The Carnegie African Diaspora Fellowship Program is seeking applications for fellowships and host institutions:
- Host Institutions: Public and private higher education institutions in Ghana, Nigeria, Kenya, Tanzania, South Africa and Uganda, accredited by the national agency in their country, can submit a project request online to host a scholar.
- Fellowships: Scholars born in Africa, who live in the United States or Canada and work in an accredited college or university in either of those two countries, can apply online to be placed on a roster of available candidates for a fellowship. Scholars must hold a terminal degree in their field and may hold any academic rank.
Projects can be conducted in the African host country for between two weeks and one semester (14-90 days). For the fellowship, the African Diaspora Fellow will receive:
- $250/day stipend
- Visa costs
- Limited health insurance coverage
- Round-trip international air travel and ground transportation costs to and from home and the U.S. or Canadian airport
IIE manages the fellowships and payments to fellows. Host institutions are encouraged to provide cost-share for the fellow’s meals, lodging and in-country transportation during the project. The program is funded by Carnegie Corporation of New York (CCNY) and guided by an Advisory Council led by Quinnipiac University (QU).
The Indigenous Biocultural Exchange Fund (IBEX), a project administered by IIE and supported by The Christensen Fund, provides financial assistance of up to $5,000 to an individual or organization to attend global biocultural events/exchanges or meetings of international significance which impacts the applicant’s home territory or region. This fund supports indigenous peoples and local communities to have a voice in the policies and forums that concern biocultural diversity at a global level.
- The applicant must be indigenous or a member of a local traditional community
- Additional preference will be given to: women, youth, and first time travelers
- Funding is not available for those applying to an academic program
For questions, please contact Vanessa Sayajon at IBEX@iie.org
Postdoctoral Researchers International Mobility Experience (P.R.I.M.E.)
With this new program, and funding from the Federal Ministry of Education and Research (BMBF) and the European Union, DAAD provides support for international mobility for postdoctoral researchers. Researchers of all nationalities, who see their long-term career unfolding in Germany, will be given the opportunity to combine the association with a German university with a research stay abroad. There are no restrictions as to the country of destination as long as the applicant has not stayed in the respective country for more than 12 months in total during the three years up to March 31, 2014.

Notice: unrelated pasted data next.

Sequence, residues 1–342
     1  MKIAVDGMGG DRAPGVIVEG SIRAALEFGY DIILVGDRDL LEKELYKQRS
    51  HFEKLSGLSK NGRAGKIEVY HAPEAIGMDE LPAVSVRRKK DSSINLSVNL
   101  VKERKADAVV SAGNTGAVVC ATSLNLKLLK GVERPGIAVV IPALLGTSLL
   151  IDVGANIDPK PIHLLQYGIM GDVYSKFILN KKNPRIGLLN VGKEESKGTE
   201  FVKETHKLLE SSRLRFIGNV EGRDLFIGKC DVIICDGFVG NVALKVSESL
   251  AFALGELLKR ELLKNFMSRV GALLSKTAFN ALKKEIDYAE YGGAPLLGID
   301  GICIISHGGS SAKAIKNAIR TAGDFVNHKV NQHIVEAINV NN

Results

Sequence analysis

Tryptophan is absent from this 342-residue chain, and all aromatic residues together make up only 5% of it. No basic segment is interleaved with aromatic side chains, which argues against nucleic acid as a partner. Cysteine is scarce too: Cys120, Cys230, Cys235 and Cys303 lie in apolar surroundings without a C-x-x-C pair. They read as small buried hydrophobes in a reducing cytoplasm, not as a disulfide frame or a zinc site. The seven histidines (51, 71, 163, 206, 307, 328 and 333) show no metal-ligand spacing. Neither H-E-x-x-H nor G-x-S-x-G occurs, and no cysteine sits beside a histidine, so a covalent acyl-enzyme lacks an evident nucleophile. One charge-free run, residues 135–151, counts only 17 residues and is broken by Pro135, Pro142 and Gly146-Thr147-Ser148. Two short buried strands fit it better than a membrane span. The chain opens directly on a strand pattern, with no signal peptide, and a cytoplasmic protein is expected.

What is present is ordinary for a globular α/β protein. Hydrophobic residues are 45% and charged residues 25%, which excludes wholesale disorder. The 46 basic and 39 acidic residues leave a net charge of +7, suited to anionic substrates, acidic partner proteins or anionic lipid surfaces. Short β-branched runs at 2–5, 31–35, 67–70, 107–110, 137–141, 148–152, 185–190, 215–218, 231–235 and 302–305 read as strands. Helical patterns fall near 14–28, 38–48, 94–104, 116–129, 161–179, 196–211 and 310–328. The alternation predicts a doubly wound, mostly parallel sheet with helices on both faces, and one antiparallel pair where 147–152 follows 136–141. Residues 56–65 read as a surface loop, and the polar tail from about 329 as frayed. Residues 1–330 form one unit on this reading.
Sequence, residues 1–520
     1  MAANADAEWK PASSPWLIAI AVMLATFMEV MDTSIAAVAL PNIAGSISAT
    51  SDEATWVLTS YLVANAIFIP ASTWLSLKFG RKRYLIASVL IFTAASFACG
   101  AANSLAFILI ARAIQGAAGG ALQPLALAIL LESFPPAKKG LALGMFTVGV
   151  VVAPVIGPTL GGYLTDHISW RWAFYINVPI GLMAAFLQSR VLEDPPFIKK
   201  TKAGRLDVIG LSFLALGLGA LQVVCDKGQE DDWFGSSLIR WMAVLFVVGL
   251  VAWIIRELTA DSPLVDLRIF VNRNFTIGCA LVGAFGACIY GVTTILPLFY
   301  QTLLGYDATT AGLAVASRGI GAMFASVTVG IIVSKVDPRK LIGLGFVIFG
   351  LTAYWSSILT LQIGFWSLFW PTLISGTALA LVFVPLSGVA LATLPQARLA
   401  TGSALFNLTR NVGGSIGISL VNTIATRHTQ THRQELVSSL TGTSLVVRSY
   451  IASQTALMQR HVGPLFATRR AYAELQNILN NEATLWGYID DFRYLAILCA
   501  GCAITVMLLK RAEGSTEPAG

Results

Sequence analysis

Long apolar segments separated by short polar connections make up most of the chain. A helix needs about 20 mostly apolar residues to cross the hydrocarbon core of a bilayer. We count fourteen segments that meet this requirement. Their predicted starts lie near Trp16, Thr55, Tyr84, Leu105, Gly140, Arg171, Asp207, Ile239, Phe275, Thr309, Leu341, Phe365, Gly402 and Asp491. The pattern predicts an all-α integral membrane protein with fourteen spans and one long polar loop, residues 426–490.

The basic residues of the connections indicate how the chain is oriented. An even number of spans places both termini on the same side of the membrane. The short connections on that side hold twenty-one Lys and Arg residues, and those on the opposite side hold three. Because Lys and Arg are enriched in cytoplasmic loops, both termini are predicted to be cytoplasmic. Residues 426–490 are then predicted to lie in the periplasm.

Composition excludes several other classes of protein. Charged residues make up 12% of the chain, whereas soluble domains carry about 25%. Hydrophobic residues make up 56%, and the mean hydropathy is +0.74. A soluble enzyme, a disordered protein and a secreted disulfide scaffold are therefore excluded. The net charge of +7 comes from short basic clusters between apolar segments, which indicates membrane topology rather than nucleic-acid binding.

The Rotary Foundation is now accepting applications for the world-competitive Rotary Peace Fellowship. The fellowship provides academic and practical training to prepare scholars for leadership roles in solving conflicts around the world.
Up to 100 fellows are selected every year in a globally competitive process based on personal, academic, and professional achievements. Fellows earn a master’s-level degree or a professional development certificate in peace and conflict studies at one of six Rotary Peace Centers at leading universities in Australia, England, Japan, the United States, Sweden, and Thailand.
Over the past 12 years, Rotary Peace Centers have provided close to 800 future peace leaders with peace and conflict resolution education and field experience. Rotary alumni work all over the world with organizations ranging from grassroots peace initiatives in Africa to the United Nations.
Partners of the Americas, NAFSA Association of International Educators, and the U.S. Department of State are requesting proposals for the 100,000 Strong in the Americas Innovation Fund grant competition for higher education institutions. The Innovation Fund is President Obama’s education initiative for the Western Hemisphere. It is designed to foster region-wide prosperity through increased higher education, study abroad, and collaboration. The competition is open to all higher education institutions in the Western Hemisphere and is funded by the generous contributions of Santander Universities, a division of Banco Santander.
The Institute of International Education has officially launched Generation Study Abroad, a five-year initiative that brings leaders in education, business, and governments together to double the number of U.S. college students studying abroad. IIE has already identified more than 160 lead partners who have committed to specific, measureable actions that will help reach this ambitious goal; the result will be thousands more American students graduating with the international experience necessary for success in a globalized world.
Scholar Rescue Fund
Established with gifts from IIE Trustees Robert L. Dilenschneider and Mark A. Angelson, the Janet Hennessey Dilenschneider Scholar Rescue Award in the Arts will provide life-saving fellowships to 10 threatened scholars in fields such as painting, dance, music, architecture, and the performing arts. The Award becomes part of IIE's Scholar Rescue Fund, which over more than a decade has rescued 525 scholars from more than 50 countries.
"The world is in turmoil and we are in danger of losing the creativity contributed by artists, writers, musicians, if we don’t rescue them from oppression. The record of our time should be from the arts and not the computer chip," said Janet Hennessey Dilenschneider.
- Host a threatened scholar at your institution
- Nominate a threatened scholar in the arts
- Apply directly for an IIE-SRF fellowship
- Donate to IIE-SRF